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Comment: Re:SSL? (Score 1) 89

by complete loony (#48454093) Attached to: Book Review: Bulletproof SSL and TLS

POODLE, BREACH, CRIME etc all require the attacker to control some bytes in the ssl stream in order to deduce other bytes that they shouldn't be able to see. POODLE requires the attacker to change the http url & form post body in order to force the alignment of bytes, BREACH and CRIME are gzip length attacks. Both require the attacker to control bytes in a http request in order to guess the contents of other bytes in the request that they wish to know, like a session cookie.

All of these are attacks on HTTP & SSL, not on SSL alone.

Comment: Re:My two cents... (Score 1) 516

by complete loony (#48415503) Attached to: Rooftop Solar Could Reach Price Parity In the US By 2016

In Australia we forced the utility companies to buy any solar power you sent to the grid using a separate meter, at a fairly high rate to encourage adoption.

Those higher tariffs are now over. So now we pay around 30-40c kWh (AUD, from memory) for mains, and they only pay about 5c kWh for any solar power you provide. But at least you're better off if you can use that power yourself.

Comment: Re:TWC are (surprise, surprise) crooks and thieves (Score 1) 223

by complete loony (#48381675) Attached to: Overbilled Customer Sues Time Warner Cable For False Advertising

In Australia Telstra maintain the copper line, if there's a problem you log the fault and they fix it within 2 days or they have to pay you. Unless they file a claim for a natural disaster, which can give them an extra couple days to fix it.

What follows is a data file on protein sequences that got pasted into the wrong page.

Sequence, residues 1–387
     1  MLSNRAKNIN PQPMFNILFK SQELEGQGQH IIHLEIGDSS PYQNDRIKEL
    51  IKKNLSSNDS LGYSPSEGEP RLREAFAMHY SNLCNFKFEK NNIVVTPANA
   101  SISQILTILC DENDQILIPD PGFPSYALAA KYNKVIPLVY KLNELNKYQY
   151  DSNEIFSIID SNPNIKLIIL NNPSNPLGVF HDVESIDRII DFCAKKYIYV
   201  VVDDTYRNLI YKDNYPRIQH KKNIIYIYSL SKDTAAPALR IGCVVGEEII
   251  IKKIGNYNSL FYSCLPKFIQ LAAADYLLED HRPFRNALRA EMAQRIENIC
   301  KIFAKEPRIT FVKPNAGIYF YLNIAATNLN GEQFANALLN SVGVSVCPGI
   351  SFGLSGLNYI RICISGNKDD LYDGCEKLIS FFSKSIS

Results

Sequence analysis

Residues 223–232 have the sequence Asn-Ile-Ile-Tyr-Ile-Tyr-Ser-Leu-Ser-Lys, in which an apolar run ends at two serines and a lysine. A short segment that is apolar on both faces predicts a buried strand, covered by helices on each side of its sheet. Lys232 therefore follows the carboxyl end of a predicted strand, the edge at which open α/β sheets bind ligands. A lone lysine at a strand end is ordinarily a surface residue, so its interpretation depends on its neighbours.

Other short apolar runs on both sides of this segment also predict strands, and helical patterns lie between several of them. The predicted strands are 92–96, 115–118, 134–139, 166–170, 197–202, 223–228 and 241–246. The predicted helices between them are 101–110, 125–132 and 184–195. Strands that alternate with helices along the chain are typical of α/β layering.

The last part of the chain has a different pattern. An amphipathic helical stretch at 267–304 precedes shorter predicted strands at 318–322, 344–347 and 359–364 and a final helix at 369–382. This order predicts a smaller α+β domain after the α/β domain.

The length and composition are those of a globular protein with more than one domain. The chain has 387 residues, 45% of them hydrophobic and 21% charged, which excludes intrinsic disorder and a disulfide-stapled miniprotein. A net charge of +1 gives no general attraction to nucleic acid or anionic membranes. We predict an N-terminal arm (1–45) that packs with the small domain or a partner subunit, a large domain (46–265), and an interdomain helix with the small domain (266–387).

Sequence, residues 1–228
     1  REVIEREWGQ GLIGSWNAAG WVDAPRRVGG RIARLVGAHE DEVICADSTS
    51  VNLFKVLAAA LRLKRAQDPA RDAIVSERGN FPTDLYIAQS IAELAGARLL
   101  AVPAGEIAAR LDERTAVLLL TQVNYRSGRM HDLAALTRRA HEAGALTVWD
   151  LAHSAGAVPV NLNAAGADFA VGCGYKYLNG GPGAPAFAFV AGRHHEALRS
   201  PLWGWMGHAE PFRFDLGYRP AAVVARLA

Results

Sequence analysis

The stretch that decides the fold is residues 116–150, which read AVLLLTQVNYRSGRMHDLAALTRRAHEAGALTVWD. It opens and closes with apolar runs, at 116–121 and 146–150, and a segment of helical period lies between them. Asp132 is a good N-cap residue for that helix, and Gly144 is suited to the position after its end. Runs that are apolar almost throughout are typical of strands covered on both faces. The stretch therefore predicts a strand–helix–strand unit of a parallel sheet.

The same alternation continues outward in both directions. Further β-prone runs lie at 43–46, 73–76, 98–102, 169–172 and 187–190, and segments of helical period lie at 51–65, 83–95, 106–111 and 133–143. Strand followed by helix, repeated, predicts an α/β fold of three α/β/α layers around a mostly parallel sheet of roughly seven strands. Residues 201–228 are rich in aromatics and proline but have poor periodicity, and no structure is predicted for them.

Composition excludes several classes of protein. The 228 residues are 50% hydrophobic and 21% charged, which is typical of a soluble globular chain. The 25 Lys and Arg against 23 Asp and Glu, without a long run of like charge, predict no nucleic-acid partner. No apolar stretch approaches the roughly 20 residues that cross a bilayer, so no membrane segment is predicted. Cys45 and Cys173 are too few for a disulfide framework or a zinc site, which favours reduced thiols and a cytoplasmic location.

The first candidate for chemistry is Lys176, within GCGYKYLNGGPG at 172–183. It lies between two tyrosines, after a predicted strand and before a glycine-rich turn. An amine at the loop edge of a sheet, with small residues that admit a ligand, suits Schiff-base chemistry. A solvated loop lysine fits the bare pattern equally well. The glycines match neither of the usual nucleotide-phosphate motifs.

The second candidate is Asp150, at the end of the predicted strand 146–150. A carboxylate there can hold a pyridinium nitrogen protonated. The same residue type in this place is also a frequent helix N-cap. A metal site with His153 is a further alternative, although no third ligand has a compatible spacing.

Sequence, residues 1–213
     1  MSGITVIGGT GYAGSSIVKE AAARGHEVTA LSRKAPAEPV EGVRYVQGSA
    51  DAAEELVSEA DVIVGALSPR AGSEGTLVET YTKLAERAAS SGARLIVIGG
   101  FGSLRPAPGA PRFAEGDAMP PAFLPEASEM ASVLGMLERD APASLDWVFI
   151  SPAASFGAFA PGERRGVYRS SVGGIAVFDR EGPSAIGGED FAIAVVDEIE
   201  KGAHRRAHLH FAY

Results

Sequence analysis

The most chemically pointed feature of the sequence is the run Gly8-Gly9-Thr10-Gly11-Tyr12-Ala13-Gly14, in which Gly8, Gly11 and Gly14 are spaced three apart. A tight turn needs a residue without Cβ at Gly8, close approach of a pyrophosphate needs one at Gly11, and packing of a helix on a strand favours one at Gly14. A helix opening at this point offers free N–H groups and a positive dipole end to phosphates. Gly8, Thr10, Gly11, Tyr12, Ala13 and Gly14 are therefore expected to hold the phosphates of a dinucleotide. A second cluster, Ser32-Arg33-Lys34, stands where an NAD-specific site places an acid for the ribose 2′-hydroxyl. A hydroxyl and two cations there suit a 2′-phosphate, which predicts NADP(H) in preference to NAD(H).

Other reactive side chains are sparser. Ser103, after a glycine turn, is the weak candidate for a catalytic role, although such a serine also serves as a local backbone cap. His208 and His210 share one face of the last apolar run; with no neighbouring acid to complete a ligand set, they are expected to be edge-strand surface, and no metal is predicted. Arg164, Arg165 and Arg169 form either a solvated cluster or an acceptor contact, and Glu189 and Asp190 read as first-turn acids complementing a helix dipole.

At the other end of the copper, your wire may be patched directly into your ISP's equipment. Though in practice I think there are only 2 or 3 companies running the DSLAM's. Smaller ISP's then lease them per line.

Comment: Re:Linux desktop never happened (Score 1) 265

by complete loony (#48358475) Attached to: Worrying Aspects of Linux Gaming

Weston has the potential to clean up the UI quirks, I hope they're headed in the right direction. It's way past time we got rid of X11, it's been holding us back for far too long. If they can't do it, I doubt anyone else will bother.

For 20-ish years windows games have been optimised for windows proprietary drivers, and vice versa. That's a lot of invested effort from both sides, that the linux eco-system hasn't had. Frankly I'm surprised at the recent rate of improvements, but linux is still a long way from parity.

Comment: Re:Not smart (Score 1) 219

Just because you can prove that there are *some* programs that can't be proven to halt, doesn't mean that there isn't a subset of programs that *can* be proven to halt.

We can build a language / compiler that rejects all programs that aren't provably correct. It might be difficult to get any useful work done, but it's not impossible.

Something like the rust programming language might be more useful in practice. You can still write completely unsafe code, while being careful to limit the impact of doing so.

Comment: Re:Does it check for MITM? (Score 1) 36

Which should highlight if the application you're using can detect the attack or not. If the software you are testing can't detect the MITM, then it's broken. If google could write a better MITM detector, then it should be implemented in the libraries used by every application. Not in a separate tool.